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Sound Advice

A Mastering Primer by Karen Kane

In the days of the vinyl record, the mastering facility was a different animal than it is today. Typically back then, we sent our master analog tapes to a disc cutting mastering studio and hoped for the best when we received back our “reference lacquer” or our “test pressings”. Many of the albums I worked on in the ’70s and ’80s were done in this manner, where producer and artist were not in attendance at the mastering session.

Today, it is unheard of for a producer or artist not to be at the mastering session. At all levels, we have gained the creative control we always should have had. This is due in part, to the way mastering is currently done and the number of mastering facilities that are now available.

These days, one has to be cautious not to get caught up in the illusion that someone with a computer music editing program and a CD burner is a “mastering” studio. While this type of “facility” can be useful in certain situations, this is not the place to go to for proper CD mastering.

To properly understand the differences between mastering facilities we could say that there are three categories: World Class, Professional and Non-Professional. A world class mastering facility has a well designed, large, accurate listening environment; a pair of awesome, accurate speakers; a variety of 2-track playback systems (analog ½”, analog ¼”, DAT, etc); ultra high-quality EQs and compressors; and a high quality computer editing system. (While ProTools is an extremely popular computer mastering program, a lot of world class facilities opt for Sonic Solutions or Sadie). Very often, the mastering engineers at these places are known for their “famous ears” and have many gold/platinum records on the wall from past clients. The cost of this kind of facility can be as high as $3,000/day US for the most “famous ears” and as low as $1,000/day.

While professional mastering facilities can provide excellent results, these types of rooms differ from world class rooms in that they have less awesome gear, less awesome speakers, smaller rooms and usually no “famous ears”. The cost is also more in line with what indie projects can afford ($65-75/hour).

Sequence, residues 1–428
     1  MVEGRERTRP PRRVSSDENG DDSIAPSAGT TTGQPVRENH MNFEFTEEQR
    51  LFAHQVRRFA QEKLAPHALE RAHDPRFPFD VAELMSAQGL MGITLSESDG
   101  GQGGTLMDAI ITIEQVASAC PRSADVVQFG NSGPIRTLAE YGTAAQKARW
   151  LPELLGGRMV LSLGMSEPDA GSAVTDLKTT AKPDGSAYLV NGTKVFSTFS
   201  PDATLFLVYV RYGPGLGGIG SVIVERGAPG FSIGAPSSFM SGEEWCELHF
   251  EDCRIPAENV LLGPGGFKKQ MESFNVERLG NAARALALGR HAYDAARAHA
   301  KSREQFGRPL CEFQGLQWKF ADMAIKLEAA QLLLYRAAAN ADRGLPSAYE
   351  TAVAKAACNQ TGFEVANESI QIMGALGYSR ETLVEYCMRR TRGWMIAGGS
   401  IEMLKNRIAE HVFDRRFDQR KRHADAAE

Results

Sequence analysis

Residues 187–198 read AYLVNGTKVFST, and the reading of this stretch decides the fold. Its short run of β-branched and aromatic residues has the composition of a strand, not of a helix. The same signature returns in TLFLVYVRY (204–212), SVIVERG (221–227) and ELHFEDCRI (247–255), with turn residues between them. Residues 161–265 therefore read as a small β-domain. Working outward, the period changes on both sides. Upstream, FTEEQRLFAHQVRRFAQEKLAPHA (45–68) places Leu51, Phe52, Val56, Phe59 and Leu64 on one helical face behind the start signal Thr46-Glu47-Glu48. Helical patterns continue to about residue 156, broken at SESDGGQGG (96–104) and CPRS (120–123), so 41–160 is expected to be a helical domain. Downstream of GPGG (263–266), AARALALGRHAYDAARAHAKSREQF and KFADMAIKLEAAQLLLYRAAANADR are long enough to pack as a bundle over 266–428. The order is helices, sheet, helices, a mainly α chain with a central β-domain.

Whether professional or world class, it all still comes down to PEOPLE. The wrong person in a world class mastering may not do any better than as the right person in a professional mastering room.

As I mentioned earlier, a non-professional mastering room is usually a home studio with someone who happens to have a few of the main ingredients to be able to “master” a project. Many times, when I have worked on a demo project, I actually do look for this kind of situation. Since the “mastering” needs of a demo are limited to putting the songs in correct order and basic volume matching, this type of situation will often suffice. However, in today’s world, there are so many musicians and budding engineers able to afford this kind of equipment, you must be careful who you are dealing with … successful results are not necessarily guaranteed.

To clarify the basic functions during a mastering session, here’s a list of mastering’s 5 main jobs:

1. To EQ and compress each existing mix. This allows you to
a) enhance an already good sounding mix and/or
b) make up for any inconsistencies possibly due to an inaccurate listening environment at the mix studio, late night mixing, etc.
2. To Edit … clean up the head and tail of each song and smooth out or create fades. Often, we’ll have more than one version of a mix and we can use bits and pieces from those different mixes. Thanks to editing programs, we can cut and paste pieces of several mixes together as easily as cutting and pasting text in a word document.
3. To put songs in correct order and decide amount of seconds in between each song.
4. To match levels song to song. Consistent matched volumes all the way through the album is important so the consumer doesn’t have to turn the volume up or down for each song.
5. To put program material into the format required by the CD manufacturer. (CDR, exabyte)

Mastering is often referred to as the “court of last appeal” or the “icing on the cake” and it is VERY TRUE. This is the last opportunity to make your project sound as good as possible. Never skip — or skimp — on this on this very important last step.

Karen Kane has been engineering and producing music since 1974. Her credits, profile, and other published articles can be seen at her Web site www.total.net/~mixmama.

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